C. Rajagopalachari was an Indian lawyer, activist for independence, politician, and author. He was India’s first and only Indian Governor General following Lord Mountbatten’s departure in 1948. Although Sardar Patel was the initial candidate, he was appointed Governor-General at the urging of then-Prime Minister Jawaharlal Nehru. He was a pre-independence leader of the Indian National Congress. He also served in a variety of other capacities, including Premier of the Madras Presidency, Governor of West Bengal, Minister of the Indian Union’s Home Affairs, and Chief Minister of the Madras State. Among the many things Rajagopalachari accomplished for the country, both before and after independence, he is best renowned for his work in Madras during his tenure as Chief Minister from 1952 to 1954. He established Andhra state, abolished sugar rationing, and instituted the ‘Modified System of Elementary Education. He was one of the country’s first recipients of the Bharat Ratna, India’s highest civilian honor.
Childhood & Adolescence
Chakravarthi Rajagopalachari was born to Chakravarti Venkataryan in 1878 in Thorapalli, Madras Presidency of British India (Now Tamil Nadu). He was a very frail boy who frequently became ill, which worried his parents.
He began his education at a local school and was enrolled in the Hosur R. V. Government Boys Hr Sec School at the age of five. In 1894, he graduated from Bangalore’s Central College. Following that, he attended Presidency College, Madras, where he graduated in 1897 with a degree in law.
A Later Years
Rajagopalachari, inspired by Bal Gangadhar Tilak, the leader of the Indian freedom struggle, entered politics in 1911, becoming a member of the Salem, Tamil Nadu, municipality. He also served as the municipality’s Chairman from 1917 until 1919.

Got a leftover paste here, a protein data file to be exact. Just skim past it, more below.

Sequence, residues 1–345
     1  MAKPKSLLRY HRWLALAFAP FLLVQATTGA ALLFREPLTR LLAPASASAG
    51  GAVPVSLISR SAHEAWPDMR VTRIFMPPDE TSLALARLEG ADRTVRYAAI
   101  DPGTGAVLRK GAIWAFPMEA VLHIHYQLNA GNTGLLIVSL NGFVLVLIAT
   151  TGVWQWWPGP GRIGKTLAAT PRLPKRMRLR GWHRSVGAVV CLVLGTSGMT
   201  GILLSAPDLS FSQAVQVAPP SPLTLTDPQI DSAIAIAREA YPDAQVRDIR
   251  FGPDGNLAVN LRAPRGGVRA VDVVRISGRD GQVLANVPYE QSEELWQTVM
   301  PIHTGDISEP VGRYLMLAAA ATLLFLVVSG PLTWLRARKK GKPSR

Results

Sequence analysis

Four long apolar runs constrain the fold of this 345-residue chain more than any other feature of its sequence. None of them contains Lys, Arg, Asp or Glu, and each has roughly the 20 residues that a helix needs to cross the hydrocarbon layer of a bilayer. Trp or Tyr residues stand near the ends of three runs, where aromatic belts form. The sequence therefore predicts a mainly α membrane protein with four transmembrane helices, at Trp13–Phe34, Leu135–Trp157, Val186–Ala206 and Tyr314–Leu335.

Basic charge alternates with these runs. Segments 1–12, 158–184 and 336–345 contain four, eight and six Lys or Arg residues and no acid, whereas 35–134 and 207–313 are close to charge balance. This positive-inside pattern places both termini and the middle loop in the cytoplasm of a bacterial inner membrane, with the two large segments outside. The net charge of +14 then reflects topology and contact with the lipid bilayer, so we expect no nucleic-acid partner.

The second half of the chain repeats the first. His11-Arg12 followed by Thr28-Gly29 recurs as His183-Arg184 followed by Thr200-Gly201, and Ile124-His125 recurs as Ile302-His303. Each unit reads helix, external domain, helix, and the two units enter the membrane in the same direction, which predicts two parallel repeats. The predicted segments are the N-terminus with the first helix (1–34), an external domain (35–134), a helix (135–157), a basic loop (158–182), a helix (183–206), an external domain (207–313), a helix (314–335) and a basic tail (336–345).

Rajagopalachari became one of Mahatma Gandhi’s genuine disciples in 1919 when he joined the Indian independence cause. He also took an active role in the movement for non-cooperation. As a result, he was elected to the Congress Working Committee and later served as the party’s General Secretary.
He rose to prominence in Congress in 1922 as the leader of the “No-Changers” party, which campaigned against contesting elections for the Imperial Legislative Council established by the Government of India Act 1919.
During the years 1924–25, he was an ardent participant in the Vaikom Satyagraha movement against untouchability.
He rose to prominence as a leader of the Tamil Nadu Congress in the early 1930s. While Gandhi was on the Dandi march, he violated the salt rules in Vedaranyam, which is why the British later imprisoned him.
He was elected President of the Tamil Nadu Congress Committee and became the first Premier of the Madras Presidency following the 1937 Madras elections, which were held as a result of the Government of India Act’s enactment in 1935.
He initiated various ground-breaking steps during his two-year tenure as premier of the Madras Presidency (1937–1939). These include lowering barriers to entry for Dalits into Hindu temples, alleviating farmer loan burdens, mandating the introduction of Hindi in educational institutions, and instituting prohibition.
Rajagopalachari was imprisoned and sentenced to one year in prison in 1940 under Defense of India laws for resigning as Premier in protest over the Viceroy of India’s declaration of war at the outbreak of World War II.
He subsequently resigned from the party due to mounting disagreements with the Madras Congress parliamentary party’s resolutions and with the Madras Provincial Congress’s leader, K. Kamaraj.